Unhindered Gospel

Sexual Orientation Is No Exception

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Confronted by the gospel, including God’s plans for Adam and Eve, a national LGBT activist saw Christ transform everything about her life—including her identity

After the Supreme Court legalized gay marriage in 2015 (Obergefell), Christians began living in a Psalm 46 world.

We experience raging nations and tottering kingdoms (Psalm 46:6) and wait with longing for the healing voice of God to melt this chaos. As evangelical Christians, we are called to be the hands, feet, and voice of Jesus. But what can we say? What dare we say?

This is a personal reality for me. We live now in the world I helped create. Jesus Christ drew me to Himself in 1999. I broke up with my partner because I was convicted that living as a lesbian was a sin and so put me outside of the kingdom of God, but my heart was a mess. I never called my partner my “wife” because I and others of my queer generation rejected all things “heteronormative,” including the binary distinctions between male and female. We believed that lesbianism was a cleaner and more moral path than heterosexuality because it could never result in unplanned pregnancy and rarely ran the risk of an STD. It may surprise some readers, but conversion to Christ did not initially change my attraction for other women.

“The Lord’s light illumined my sin through the law and illumined my hope through Jesus and the gospel.”

What conversion did change immediately was my mind. Indeed, I was not converted out of homosexuality; I was converted out of unbelief. Suddenly, my mind was on fire for the Bible and I could not read enough of it or enough about it. During this time, I experienced a small taste of what it means when David declares in Psalm 27:1, “The Lord is my light and my salvation; whom shall I fear?” The Light that the gospel gave me was ruinous; it ruined me for the life I loved. The Lord’s light illumined my sin through the law and illumined my hope through Jesus and the gospel. The gospel destroyed me before the Lord built me back up.

During this time, I joined the Syracuse Reformed Presbyterian Church, met weekly with my pastor’s wife for discipleship, and developed real friendships with other believers in my church. Through these friends and the discipling of my pastor’s wife, I learned how to repent of sin in a holistic way. I began to see that my desires for women were not a reflection of my true identity in Christ, but rather a distortion of my true identity resulting from Adam’s fall.

But if I was a true believer, why did my flesh crave what God abhorred? One quotation from John Owen really helped. The Puritan Owen said, “You cannot mortify a specific lust that is troubling you unless you are seeking to obey the Lord from the heart in all areas.” I realized that focusing exclusively on my sin of identity—the kind of sin that denies my vital role as God’s image bearer and collapses how I feel with who I am—was not what God was calling me to do.

I realized that Christ bled as much for my sins of pride and lying as for my lust. Over time, my union with Christ started to grow. Union with Christ is that Holy Spirit–driven, eternal, unbreakable, and irreplaceable bond that God plants in our hearts at the moment of our conversion (1 Corinthians 6:17 and Romans 6:3–11). It thrives as we seek God’s grace to supply all of our needs. And then I noticed it: union with Christ challenged my identity as a lesbian. Bear with me as I explain something that should be helpful to anyone you know struggling with these issues.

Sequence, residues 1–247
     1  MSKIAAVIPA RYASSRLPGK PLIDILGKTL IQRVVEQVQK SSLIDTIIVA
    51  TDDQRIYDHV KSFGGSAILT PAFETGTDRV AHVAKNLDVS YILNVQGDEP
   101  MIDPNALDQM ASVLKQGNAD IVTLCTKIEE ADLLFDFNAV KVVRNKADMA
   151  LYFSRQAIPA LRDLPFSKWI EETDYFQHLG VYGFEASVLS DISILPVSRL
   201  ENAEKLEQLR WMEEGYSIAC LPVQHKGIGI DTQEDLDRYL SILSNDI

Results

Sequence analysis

Psalm 73:22 expressed what it was like for me to wake up to my sin in this area of my life. When the veil of deception lifts, suddenly you behold what you could not see before: “I was so foolish and ignorant; I was like a beast before You.” I was a beast in the language of Psalm 73:22.

At that time, I was surrounded by other female couples who had decade-long monogamous relationships. These were dear old friends with whom I had shared vacations and holidays and traditions. We were family, as I understood it then. I knew them and their households and children well. I loved them and couldn’t imagine life without them. The thought that they would have to break up their families to come to Christ seemed so unfair. The safety and stability of their households seemed to prove that some people are just better off if left to what the Bible calls sin.

I cried out to God to help me understand how this could be—how could I see my own appetites and identity as something that degraded me and made me a beast, and at the same time, see others in the lesbian community in a favorable light, beautiful in their family-like love? I asked God to let me come face-to-face with His Word on this.

This prayer brought me to the gospels and the disciples and the holy love that they displayed for the Lord Jesus Christ and for each other. This was real love. This love didn’t cause others to sin. This love so cherishes God and the person you love that you sacrifice all unholy desires that could separate your loved one from the God who made her.

Sacrifice is a bloody word, and all of this felt like a real death to the “me” I once was. Could my friends who identified as lesbian experience this kind of love, too? It hit me hard: my dearest friends would actually love each other more if they were sisters in Christ instead of—what they currently were—girlfriend-lovers.

This made me call out to God to make me a godly woman, because I realized that I was taking for granted the privilege of this new blood-bought life. My new desire to be a godly woman bled into a new desire to be a godly wife, to become a helper in all aspects of life to a godly man. And a few years later, I met my husband, Kent Butterfield, a pastor. We have been joyfully married for 15 years. My role as Kent’s helper and the mother of our four children is my daily witness that we serve a God who loves and transforms His people.